Blake's Medium of Expression: Considering the two sections of Innocence and Experience as a single entity we may now come to Blake's medium of expression. Blake's verses (with regard to the Songs of Innocence and Experience are meant for children and this fact encourages their depiction in nursery rhymes. However he incorporated, admirably and laudably, the most sublime philosophical thoughts and truth's into it, scarcely harassing the poetic structure and doing, at the same time, justice to his intellectual ideas and complex visionary gleams. It is in this critical and praiseworthy aspect that Blake cuts an eminent figure among the other poets of English literature. The limited vocabulary was an ingredient which proved unfavourable to him on his way towards the goal of finding expression to his thoughts. So quite naturally, the poet sought the assistance of symbols, allegories and metaphors for transforming his abstract visionary images into concrete, matter of fact bodily things which might help the reader follow his ways of thought. This predicament is not solely confined to him; it has been a snare for all the eminent poets of intuitive visions, such as Dante and Bunyan. If Dante was helped by the beatific vision of Beatrice and his Latin poet master Virgil, Blake was led by his visions of angels. Again, banished and abandoned. Dante allied himself with the poetic device of allegory and wandered through the horrible worlds of hell, and, later, heaven. He wove political allegory with religious under tones and struck the note of spiritualism and good and evil. But so far as Blake is concerned, in the face of grim realities and evils he could not help avoiding his complex methods of conveying meaning ('London.' "The Chimney Sweeper") and thought. This is undeniably true especially when we come to see the poet's description of contemporary facts and events.

      Pastoralism: The reason why Blake accepted pastoralism to embroider the background of his poems can be partly due to the influence of Romantic tradition which asserted the significance of nature in poetry. Major practitioners of pastoralism such as Spenser and Milton were there before the poet as models; moreover the bucolic beauty would have been the aptest and finest canvas on which the spiritual visions and elements of innocence could be painted more coherently, eloquently and expediently. In 'Introduction' to the Songs of Innocence, and in the other poems such as The Echoing Green, The Lamb, 'Laughing Song' and 'Spring' the poet has sought the help of pastoralism. But the remarkable singularity of Blake's pastoralism is that it is religious, textured in a Christian vein of divinity and heavenliness. There we see not merely the sheep and the shepherd but also angels on the cloud and young children shouting and sporting. These greeneries and pastures are as exquisite and picturesque as those of the 'Raphaelite' poets such as Dante, Gabriel, Rossetti. But there are points which replace these felicitous pastures and show, instead, the marshy lands where the Lost Boy is sinking down. In Blake's poems pastoral setting has often an additional function; rather than being simply a setting it attires itself in symbolism to propel the main theme of the poetry.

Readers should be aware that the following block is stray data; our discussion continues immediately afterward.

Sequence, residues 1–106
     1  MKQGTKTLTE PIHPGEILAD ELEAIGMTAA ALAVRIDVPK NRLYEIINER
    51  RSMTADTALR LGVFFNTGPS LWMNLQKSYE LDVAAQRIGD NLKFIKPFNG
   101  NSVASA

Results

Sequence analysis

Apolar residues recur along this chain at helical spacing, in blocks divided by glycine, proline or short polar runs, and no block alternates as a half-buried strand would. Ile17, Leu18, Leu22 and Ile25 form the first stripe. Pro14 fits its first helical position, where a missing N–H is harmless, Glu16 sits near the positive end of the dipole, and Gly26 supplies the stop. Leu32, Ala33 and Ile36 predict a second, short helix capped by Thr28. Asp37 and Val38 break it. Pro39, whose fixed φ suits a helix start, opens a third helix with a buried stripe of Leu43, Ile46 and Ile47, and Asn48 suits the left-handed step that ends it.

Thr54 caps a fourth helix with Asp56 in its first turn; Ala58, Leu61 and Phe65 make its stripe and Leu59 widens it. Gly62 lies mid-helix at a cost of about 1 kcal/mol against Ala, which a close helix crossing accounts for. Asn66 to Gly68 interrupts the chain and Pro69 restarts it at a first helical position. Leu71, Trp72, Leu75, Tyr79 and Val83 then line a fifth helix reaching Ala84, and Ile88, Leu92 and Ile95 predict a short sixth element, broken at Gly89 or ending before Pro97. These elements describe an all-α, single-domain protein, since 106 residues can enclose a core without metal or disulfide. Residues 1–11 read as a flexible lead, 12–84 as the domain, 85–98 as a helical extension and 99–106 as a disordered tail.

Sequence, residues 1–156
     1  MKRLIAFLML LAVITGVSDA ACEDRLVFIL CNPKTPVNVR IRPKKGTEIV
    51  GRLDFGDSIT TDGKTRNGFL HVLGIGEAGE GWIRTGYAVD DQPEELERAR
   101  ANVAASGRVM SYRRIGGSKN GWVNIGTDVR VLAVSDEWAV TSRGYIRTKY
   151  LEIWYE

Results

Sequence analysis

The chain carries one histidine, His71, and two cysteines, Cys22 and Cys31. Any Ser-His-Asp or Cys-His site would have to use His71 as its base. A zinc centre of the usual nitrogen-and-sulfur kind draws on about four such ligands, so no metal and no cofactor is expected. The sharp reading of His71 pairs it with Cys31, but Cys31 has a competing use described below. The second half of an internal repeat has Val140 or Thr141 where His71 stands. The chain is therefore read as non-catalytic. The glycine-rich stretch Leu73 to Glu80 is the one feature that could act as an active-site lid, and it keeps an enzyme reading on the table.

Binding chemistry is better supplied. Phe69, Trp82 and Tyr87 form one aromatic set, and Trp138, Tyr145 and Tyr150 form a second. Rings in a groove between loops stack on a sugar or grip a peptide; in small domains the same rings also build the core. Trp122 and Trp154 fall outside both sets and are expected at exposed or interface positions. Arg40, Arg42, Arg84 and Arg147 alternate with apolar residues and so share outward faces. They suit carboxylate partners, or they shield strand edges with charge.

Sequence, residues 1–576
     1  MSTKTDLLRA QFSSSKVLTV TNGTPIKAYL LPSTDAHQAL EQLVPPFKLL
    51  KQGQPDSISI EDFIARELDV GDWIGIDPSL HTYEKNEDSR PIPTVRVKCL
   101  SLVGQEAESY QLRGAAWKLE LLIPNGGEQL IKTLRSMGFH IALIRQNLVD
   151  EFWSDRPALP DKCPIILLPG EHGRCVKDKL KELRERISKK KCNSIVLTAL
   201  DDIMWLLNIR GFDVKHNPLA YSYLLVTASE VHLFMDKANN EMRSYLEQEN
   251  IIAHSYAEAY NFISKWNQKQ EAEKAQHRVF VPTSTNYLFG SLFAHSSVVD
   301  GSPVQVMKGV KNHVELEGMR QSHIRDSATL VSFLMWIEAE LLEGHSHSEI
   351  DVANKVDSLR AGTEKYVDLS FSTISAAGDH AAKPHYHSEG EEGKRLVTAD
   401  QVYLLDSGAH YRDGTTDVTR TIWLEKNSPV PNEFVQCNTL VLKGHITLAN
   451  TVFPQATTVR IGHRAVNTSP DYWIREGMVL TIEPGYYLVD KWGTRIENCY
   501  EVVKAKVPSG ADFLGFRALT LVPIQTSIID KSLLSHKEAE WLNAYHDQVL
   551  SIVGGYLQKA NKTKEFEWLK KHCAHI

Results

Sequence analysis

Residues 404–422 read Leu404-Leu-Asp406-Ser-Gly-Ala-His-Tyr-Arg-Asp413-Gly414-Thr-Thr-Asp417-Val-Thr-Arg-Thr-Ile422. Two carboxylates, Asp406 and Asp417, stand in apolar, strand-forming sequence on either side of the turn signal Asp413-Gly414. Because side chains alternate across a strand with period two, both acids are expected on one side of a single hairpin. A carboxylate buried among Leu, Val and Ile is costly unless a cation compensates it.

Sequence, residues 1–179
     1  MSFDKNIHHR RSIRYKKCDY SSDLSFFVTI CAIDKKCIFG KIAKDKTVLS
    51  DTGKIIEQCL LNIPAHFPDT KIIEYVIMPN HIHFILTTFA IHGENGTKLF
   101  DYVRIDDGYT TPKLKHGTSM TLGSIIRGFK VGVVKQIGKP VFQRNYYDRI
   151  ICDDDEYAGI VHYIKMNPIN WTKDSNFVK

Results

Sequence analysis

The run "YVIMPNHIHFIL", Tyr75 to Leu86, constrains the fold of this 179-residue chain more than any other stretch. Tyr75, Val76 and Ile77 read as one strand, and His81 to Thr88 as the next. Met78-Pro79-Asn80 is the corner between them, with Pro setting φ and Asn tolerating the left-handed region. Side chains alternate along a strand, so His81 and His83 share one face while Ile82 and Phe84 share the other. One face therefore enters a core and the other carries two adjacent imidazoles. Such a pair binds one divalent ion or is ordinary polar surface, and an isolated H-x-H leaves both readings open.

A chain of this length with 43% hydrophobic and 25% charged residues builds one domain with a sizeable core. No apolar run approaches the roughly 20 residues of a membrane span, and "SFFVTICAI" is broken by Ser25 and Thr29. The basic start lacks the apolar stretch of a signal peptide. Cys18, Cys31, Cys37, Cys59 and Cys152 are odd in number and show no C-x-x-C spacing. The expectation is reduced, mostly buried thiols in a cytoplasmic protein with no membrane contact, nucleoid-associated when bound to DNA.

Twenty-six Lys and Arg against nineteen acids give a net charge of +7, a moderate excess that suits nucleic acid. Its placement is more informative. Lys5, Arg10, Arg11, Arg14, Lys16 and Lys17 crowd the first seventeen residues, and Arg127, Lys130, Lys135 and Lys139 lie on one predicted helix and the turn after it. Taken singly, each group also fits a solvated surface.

Symbolism: As a general guide to Blake's principal symbols the following list given by F.W. Bateson can be helpful. There are Innocence symbols (pre sexual and amoral as well as Christian) such as children, sheep, wild birds, wild flowers, green fields, dawn, dew, spring, and associated images, e.g. shepherds, valleys, hills. Then there are Energy symbols (creative, heroic, unrestrained as well as revolutionary, righteously destructive) such as lions. tigers, wolves, eagles, noon, summer, sun, fire, forges and swords, spears, chariots. These overlap into Sexual symbols (from uninhibited ecstasy to selfish power over the beloved and jealousy) such as dreams, branches of trees, noses, gold, silver, moonlight, and associated images, e.g. nets, cages, fairies, bows and arrows. These overlap onto Corruption symbols (hypocrisy, secrecy, as well as town-influences, including abstract reasoning) such as looms, curtains, cities, houses, snakes, evening, silence, disease. These overlap onto Oppression symbols (personal, parental, religious, political) such as priests, mills, forests, mountains, seas, caves, clouds, thunder, frost, night, stars, winter, stone, iron.

      F.W. Bateson continues: Blake used his symbols which are to be found even in some of the juvenalia in Poetical Sketches to express increasingly subtle and complex intellectual distinctions. As the system developed, however he found it necessary or convenient to reinforce the symbolism with an elaborate and cacophonous mythology that does not explain itself as the symbols usually do. At the same time the symbols become increasingly esoteric and he introduces a technical vocabulary of his own. The north, for example, stands for reason, the south for desire, the east for wrath, and the west for pity."

Previous Post Next Post

Google Search